Gaming Benchmarks

As mentioned previously, this mini-review will focus on a few elements but all our data can be found in Bench, including tests with high end ($300+) graphics cards and some 4K testing.

Alien: Isolation

If first person survival mixed with horror is your sort of thing, then Alien: Isolation, based off of the Alien franchise, should be an interesting title. Developed by The Creative Assembly and released in October 2014, Alien: Isolation has won numerous awards from Game Of The Year to several top 10s/25s and Best Horror titles, ratcheting up over a million sales by February 2015. Alien: Isolation uses a custom built engine which includes dynamic sound effects and should be fully multi-core enabled.

For low end graphics, we test at 720p with Ultra settings, whereas for mid and high range graphics we bump this up to 1080p, taking the average frame rate as our marker with a scripted version of the built-in benchmark.

Alien Isolation on Integrated Graphics

Alien Isolation on ASUS R7 240 DDR3 2GB ($70)

Alien Isolation on MSI R9 285 Gaming 2GB ($240)

Total War: Attila

The Total War franchise moves on to Attila, another The Creative Assembly development, and is a stand-alone strategy title set in 395AD where the main story line lets the gamer take control of the leader of the Huns in order to conquer parts of the world. Graphically the game can render hundreds/thousands of units on screen at once, all with their individual actions and can put some of the big cards to task.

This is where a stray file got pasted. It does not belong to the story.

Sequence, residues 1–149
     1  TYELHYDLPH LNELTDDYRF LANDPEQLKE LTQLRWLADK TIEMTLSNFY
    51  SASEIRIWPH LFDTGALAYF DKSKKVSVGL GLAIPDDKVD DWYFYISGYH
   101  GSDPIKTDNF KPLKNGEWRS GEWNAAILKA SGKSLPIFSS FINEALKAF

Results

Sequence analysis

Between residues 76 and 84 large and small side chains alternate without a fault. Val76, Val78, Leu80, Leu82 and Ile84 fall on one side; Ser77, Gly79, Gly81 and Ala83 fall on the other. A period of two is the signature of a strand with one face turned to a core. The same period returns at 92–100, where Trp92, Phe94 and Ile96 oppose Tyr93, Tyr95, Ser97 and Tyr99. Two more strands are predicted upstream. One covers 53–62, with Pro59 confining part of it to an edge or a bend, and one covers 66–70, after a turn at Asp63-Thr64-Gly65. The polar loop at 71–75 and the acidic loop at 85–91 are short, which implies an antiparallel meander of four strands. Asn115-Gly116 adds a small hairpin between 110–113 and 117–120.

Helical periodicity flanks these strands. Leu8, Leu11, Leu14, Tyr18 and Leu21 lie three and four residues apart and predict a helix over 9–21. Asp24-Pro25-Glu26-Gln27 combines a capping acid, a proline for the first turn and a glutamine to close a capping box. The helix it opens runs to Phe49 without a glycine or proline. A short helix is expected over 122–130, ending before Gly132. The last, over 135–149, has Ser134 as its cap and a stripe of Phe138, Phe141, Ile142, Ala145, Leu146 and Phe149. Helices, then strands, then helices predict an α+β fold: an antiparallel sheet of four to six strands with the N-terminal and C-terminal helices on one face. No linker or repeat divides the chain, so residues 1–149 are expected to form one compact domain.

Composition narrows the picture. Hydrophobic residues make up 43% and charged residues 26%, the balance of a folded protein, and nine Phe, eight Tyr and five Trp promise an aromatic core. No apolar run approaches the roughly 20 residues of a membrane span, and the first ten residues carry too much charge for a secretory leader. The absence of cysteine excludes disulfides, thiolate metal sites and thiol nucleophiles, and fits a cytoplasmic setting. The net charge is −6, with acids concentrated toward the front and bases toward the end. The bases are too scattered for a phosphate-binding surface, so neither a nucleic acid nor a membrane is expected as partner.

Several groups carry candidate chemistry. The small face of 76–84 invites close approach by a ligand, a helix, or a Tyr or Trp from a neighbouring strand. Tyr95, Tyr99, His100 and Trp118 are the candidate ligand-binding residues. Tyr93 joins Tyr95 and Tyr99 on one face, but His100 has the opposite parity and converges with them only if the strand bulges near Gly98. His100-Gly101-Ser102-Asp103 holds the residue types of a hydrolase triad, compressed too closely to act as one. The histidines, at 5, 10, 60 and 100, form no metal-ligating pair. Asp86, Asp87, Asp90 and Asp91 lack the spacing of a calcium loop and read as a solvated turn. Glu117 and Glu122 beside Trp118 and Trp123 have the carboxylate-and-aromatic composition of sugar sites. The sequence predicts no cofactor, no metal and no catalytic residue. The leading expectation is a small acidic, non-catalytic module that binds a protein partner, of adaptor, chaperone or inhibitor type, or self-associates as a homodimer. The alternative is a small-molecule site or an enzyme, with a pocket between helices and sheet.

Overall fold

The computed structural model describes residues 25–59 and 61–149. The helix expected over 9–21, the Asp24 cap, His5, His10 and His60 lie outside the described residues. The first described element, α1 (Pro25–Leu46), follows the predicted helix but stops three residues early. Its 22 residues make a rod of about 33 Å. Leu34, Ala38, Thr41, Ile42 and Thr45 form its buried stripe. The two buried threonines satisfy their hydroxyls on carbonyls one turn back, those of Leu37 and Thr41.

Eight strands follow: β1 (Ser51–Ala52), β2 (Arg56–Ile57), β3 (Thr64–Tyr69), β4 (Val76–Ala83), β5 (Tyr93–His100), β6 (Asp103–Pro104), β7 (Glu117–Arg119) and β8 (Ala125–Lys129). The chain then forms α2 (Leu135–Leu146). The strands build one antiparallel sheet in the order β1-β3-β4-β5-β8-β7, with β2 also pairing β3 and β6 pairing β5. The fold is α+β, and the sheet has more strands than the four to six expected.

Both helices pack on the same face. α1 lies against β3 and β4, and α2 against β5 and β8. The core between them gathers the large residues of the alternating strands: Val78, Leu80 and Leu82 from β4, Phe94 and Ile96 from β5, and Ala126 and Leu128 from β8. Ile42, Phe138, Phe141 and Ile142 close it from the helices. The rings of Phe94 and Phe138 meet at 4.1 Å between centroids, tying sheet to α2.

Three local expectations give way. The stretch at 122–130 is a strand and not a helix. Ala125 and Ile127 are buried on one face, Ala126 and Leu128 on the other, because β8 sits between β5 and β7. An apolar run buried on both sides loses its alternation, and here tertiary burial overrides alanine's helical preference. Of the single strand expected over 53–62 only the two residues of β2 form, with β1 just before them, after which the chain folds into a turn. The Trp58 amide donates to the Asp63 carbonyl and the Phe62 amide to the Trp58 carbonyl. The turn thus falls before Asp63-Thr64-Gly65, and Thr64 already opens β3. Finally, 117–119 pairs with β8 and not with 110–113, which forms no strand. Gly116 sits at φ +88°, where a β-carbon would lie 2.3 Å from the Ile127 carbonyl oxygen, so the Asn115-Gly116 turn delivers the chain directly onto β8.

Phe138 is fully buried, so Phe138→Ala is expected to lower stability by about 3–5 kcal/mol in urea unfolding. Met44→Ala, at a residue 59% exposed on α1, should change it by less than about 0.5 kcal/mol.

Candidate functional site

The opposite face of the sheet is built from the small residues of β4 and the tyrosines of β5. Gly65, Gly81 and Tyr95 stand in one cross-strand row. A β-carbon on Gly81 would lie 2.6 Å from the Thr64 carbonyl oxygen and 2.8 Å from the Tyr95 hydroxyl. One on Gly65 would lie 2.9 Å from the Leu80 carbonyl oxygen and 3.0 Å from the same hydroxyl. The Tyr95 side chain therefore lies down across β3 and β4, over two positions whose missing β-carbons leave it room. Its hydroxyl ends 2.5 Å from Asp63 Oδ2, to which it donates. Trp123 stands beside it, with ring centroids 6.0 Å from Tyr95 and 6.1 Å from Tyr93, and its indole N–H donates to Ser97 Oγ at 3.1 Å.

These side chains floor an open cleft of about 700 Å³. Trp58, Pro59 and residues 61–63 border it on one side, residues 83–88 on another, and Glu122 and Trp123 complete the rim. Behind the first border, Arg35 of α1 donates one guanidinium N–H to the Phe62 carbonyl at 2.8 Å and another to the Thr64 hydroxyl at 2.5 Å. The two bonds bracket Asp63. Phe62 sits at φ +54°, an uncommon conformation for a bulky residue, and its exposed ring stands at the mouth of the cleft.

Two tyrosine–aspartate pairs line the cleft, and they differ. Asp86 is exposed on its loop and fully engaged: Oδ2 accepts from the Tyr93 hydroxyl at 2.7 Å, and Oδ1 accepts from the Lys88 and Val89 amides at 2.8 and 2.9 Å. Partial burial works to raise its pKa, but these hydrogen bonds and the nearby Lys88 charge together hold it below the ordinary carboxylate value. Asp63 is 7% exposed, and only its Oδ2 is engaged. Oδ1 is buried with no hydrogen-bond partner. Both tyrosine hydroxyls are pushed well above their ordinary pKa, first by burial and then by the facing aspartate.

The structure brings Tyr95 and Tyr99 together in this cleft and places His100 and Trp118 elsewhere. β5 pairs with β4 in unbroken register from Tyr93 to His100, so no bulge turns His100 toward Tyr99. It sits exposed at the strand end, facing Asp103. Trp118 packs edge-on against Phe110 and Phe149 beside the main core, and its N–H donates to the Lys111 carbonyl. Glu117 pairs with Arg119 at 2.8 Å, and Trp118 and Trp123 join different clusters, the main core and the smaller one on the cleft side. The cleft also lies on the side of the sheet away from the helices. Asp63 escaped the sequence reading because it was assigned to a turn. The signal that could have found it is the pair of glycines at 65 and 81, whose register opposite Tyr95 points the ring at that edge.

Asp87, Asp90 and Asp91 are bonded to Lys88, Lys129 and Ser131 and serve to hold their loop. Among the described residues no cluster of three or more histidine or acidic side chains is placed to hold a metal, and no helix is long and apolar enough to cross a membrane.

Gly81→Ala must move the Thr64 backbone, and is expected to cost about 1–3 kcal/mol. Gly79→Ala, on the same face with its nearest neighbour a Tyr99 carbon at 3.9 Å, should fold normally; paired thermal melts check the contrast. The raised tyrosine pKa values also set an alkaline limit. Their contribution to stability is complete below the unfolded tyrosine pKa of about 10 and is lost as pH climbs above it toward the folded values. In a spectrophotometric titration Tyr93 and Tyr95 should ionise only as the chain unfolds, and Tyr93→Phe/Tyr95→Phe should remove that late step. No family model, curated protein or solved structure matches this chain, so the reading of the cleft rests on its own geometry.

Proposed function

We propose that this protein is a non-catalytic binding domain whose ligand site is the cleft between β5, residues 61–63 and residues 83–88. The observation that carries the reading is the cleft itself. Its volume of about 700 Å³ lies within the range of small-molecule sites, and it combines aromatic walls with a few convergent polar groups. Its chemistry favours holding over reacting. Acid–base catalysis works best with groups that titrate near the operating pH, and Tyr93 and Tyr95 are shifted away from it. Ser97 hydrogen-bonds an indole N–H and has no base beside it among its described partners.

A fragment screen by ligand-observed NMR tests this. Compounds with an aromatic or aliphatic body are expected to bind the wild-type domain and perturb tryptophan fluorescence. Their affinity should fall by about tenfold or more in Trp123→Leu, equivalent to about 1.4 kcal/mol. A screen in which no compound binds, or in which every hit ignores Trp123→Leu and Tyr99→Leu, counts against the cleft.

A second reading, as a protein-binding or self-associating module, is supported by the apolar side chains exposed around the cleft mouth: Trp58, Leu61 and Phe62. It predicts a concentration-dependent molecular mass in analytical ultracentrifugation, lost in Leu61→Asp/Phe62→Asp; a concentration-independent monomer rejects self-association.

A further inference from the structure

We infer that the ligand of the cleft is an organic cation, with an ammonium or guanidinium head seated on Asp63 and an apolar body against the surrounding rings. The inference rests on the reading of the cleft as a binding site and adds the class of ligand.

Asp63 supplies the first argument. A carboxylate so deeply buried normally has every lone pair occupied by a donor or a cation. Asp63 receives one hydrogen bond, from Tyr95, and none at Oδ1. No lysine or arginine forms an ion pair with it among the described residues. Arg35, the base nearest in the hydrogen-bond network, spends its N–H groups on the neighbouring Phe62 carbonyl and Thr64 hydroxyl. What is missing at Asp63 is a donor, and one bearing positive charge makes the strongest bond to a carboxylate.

For low end graphics, we test at 720p with performance settings, recording the average frame rate. With mid and high range graphics, we test at 1080p with the quality setting. In both circumstances, unlimited video memory is enabled and the in-game scripted benchmark is used.

Total War: Attila on Integrated Graphics

Total War: Attila on ASUS R7 240 DDR3 2GB ($70)

Total War: Attila on MSI R9 285 Gaming 2GB ($240)

Grand Theft Auto V

The highly anticipated iteration of the Grand Theft Auto franchise finally hit the shelves on April 14th 2015, with both AMD and NVIDIA in tow to help optimize the title. GTA doesn’t provide graphical presets, but opens up the options to users and extends the boundaries by pushing even the hardest systems to the limit using Rockstar’s Advanced Game Engine. Whether the user is flying high in the mountains with long draw distances or dealing with assorted trash in the city, when cranked up to maximum it creates stunning visuals but hard work for both the CPU and the GPU.

For our test we have scripted a version of the in-game benchmark, relying only on the final part which combines a flight scene along with an in-city drive-by followed by a tanker explosion. For low end systems we test at 720p on the lowest settings, whereas mid and high end graphics play at 1080p with very high settings across the board. We record both the average frame rate and the percentage of frames under 60 FPS (16.6ms).